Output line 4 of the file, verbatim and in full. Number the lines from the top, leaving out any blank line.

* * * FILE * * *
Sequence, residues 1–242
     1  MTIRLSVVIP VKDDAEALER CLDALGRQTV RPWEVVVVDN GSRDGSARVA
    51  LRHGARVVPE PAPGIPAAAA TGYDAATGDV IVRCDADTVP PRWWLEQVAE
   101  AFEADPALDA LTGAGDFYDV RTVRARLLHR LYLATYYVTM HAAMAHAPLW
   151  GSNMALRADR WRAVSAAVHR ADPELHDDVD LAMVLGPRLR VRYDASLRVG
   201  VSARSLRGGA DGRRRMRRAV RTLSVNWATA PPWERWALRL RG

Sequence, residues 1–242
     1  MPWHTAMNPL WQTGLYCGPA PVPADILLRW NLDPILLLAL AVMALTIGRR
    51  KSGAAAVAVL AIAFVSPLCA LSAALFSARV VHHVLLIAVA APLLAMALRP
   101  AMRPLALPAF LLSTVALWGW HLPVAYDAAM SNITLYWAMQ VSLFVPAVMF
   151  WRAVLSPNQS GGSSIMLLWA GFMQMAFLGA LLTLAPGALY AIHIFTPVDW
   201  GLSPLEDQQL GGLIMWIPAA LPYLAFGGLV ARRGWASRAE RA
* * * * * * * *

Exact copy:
   101  AFEADPALDA LTGAGDFYDV RTVRARLLHR LYLATYYVTM HAAMAHAPLW